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Nietzsche: Life as Literature, by Alexander Nehamas ; ? & 261 pp. Cambridge: Harvard University Press, 1985, $17.50. Discussed by Peter Fenves Alexander Nehamas's recent book never loses its way in the maze of interpretative avenues that plague studies of Nietzsche. He sets out a single problem to which all of Nietzsche's writings offer a programmatic solution. The scope of Nehamas's claim should not be underestimated : "Nietzsche's problem is that he wants to attack the tradition to which he belongs and also escape it" (p. 137). Once this dilemma is brought into the open — and it is the point of the book to do so — Nehamas explains how Nietzsche chose to solve it: "His unparalleled solution to this problem is to try consciously to fashion a literary character out of himself and a literary work out of his life," hence the subtitle, "Life as Literature." "Vet Nehamas never points to any statement in Nietzsche's writing that would substantiate this claim, nor does he ever specify precisely when Nietzsche discovered that there was such a problem or at what point he decided to offer his own solution. Nehamas never relates the circumstances that led up to this momentous decision; it seems as if Nietzsche were fated to encounter this problem and to offer his peculiar solution. Yet Nehamas still claims that Nietzsche made a conscious decision to fashion his life into literature , even though none of the standard indices of consciousness — meaningful sentences, in other words — are called upon to support this contention. Now one often finds in works that bear such titles as "The Lives of Saints" a moment marked off as a turning point; suddenly, the solution dawns upon the saint and the rest of his life is devoted to drawing out its consequences. Nehamas does not emphasize this moment but its presence permeates the book: it is the very substance of the claim that 163 164Philosophy and Literature Nietzsche conceived his life as literature. It is only because Nehamas fails to identify a specific time in which Nietzsche came to his solution that the book avoids the more obvious manifestations of hagiography. Nietzsche's life is quite literally the outcome of a conversion: "To be, then, a comedian of the ascetic ideal [to work out, in other words, Nietzsche's solution] is to give up the very idea of trying to determine in general terms the value of life and the world. It is to turn to oneself in order to make one's life valuable ..." (p. 136). The hagiographie aspect of this book—the conviction that however difficult, messy and ambiguous the life of the saint may be, a momentous decision underlies and underwrites every turn— comes out most clearly in the final chapter where Nehamas sketches a brief and quite moving portrait of Nietzsche's life: by turning his life into literature, by making himself into a literary character, his life becomes, Nehamas says, "deeply admirable " (p. 233). When is it appropriate to do hagiography? When the saint is no longer a prophet and yet his image seems to inspire, his words no longer carry conviction and yet his life still seems worthwhile, when his life is no longer to be imitated but justly admired. Nehamas, who is both adamant about dismissing the notion of Nietzsche as prophet and adept at doing so, still wants him to say something to us. In terms of Nietzsche scholarship, one could arrive at the formula: Nietzsche as saint follows upon Nietzsche as prophet or profligate. Nehamas's mode of presentation and his thesis that Nietzsche had a single problem and an overarching solution are intimately connected. Philosophical interpretations of Nietzsche have often been baffled by the profusion of positions he seems to take on the same issue and the equally variegated manner in which he presents them. Jaspers, for instance, responded to this situation by condemning Nietzsche to incoherence , Heidegger by developing an elaborate Seinsgeschichte while also insisting that the key to Nietzsche's thought is still buried in the Nachlass . The philosopher thus asks how to provide a set of theses that are not merely depreciations of previous philosophers but also positive proposals of Nietzsche's...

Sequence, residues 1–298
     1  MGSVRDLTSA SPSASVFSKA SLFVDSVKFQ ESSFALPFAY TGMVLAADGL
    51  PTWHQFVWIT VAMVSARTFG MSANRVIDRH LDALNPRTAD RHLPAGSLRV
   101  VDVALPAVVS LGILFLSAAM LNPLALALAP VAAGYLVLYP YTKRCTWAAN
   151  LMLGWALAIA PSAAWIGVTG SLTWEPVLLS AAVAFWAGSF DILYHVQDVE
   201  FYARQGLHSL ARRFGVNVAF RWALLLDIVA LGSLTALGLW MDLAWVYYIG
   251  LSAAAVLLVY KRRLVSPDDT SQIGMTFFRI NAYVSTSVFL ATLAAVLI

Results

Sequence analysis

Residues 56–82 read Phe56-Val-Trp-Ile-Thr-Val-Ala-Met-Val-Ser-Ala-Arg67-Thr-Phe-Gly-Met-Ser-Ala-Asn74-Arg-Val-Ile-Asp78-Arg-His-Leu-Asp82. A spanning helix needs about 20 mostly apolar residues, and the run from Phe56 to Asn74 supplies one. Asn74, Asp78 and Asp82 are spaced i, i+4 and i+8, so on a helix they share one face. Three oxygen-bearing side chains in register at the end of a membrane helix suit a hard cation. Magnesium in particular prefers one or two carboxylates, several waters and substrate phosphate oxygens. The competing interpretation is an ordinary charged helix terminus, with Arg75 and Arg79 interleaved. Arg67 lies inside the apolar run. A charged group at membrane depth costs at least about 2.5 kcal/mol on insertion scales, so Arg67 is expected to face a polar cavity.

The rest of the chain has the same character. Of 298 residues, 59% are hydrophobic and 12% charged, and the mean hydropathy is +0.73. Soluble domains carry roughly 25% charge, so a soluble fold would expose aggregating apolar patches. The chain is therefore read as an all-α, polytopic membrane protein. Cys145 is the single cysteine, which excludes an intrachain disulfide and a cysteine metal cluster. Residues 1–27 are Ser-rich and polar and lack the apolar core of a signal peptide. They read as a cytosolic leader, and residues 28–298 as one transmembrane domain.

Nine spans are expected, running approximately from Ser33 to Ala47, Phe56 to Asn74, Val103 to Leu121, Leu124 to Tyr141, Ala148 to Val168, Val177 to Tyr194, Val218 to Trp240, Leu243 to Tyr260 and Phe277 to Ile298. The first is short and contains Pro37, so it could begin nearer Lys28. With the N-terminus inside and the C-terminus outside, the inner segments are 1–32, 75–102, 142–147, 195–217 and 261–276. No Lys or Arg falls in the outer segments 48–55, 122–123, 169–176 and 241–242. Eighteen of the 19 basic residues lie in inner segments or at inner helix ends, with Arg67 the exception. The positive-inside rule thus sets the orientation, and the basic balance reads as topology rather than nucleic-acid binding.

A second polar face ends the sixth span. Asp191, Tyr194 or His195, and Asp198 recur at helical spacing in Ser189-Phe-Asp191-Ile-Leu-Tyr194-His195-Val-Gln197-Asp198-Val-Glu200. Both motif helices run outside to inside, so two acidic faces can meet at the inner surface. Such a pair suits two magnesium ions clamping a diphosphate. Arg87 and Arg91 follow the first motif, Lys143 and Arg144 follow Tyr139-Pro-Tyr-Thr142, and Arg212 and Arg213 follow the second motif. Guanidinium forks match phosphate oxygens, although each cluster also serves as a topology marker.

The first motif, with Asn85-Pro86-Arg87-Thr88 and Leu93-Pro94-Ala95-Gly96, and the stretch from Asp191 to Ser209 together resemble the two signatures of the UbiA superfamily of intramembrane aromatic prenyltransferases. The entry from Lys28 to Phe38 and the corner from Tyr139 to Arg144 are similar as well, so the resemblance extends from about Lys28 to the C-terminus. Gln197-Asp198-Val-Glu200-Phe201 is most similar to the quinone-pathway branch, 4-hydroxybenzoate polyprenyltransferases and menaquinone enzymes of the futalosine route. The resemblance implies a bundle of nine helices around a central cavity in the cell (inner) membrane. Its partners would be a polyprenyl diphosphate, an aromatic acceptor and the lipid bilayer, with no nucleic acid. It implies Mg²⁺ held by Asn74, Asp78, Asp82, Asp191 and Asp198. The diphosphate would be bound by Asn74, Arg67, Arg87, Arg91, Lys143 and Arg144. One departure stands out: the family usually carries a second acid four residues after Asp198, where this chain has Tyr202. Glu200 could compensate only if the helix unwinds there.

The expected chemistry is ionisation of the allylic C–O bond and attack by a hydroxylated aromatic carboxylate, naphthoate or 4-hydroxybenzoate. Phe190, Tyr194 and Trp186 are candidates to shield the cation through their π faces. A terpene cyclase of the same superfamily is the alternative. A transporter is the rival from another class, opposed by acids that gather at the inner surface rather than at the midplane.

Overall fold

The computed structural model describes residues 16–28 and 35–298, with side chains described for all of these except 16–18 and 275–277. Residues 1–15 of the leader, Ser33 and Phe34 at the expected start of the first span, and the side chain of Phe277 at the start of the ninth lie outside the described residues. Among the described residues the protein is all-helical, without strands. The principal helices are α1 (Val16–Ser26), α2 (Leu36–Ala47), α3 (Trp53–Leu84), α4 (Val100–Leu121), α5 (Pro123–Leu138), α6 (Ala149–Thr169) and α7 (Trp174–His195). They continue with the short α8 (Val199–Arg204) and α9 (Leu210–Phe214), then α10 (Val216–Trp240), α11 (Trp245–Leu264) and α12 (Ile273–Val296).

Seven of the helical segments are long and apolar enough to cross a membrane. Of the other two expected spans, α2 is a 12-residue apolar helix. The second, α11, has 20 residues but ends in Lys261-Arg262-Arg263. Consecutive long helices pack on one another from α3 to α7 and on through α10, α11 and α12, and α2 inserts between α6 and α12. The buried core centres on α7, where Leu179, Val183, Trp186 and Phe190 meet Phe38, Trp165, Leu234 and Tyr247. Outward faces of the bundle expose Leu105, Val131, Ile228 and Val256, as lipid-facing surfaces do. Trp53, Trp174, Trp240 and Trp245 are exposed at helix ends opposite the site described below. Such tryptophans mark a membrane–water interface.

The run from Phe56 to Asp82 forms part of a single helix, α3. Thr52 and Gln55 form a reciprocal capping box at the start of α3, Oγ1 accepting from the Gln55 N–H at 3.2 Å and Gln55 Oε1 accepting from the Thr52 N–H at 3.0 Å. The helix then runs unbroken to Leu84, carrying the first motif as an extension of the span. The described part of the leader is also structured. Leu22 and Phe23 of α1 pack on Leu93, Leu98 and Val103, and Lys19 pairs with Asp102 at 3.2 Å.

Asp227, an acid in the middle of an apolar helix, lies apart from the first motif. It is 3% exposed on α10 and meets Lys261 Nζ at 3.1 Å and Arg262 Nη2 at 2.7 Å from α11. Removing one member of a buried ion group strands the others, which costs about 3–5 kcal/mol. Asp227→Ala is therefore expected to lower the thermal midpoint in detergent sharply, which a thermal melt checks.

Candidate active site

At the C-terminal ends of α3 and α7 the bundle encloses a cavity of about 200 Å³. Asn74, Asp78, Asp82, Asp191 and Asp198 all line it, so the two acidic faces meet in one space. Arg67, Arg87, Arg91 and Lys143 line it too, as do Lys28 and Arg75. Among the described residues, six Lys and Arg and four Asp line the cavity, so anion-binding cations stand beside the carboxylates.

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pp. 163-170
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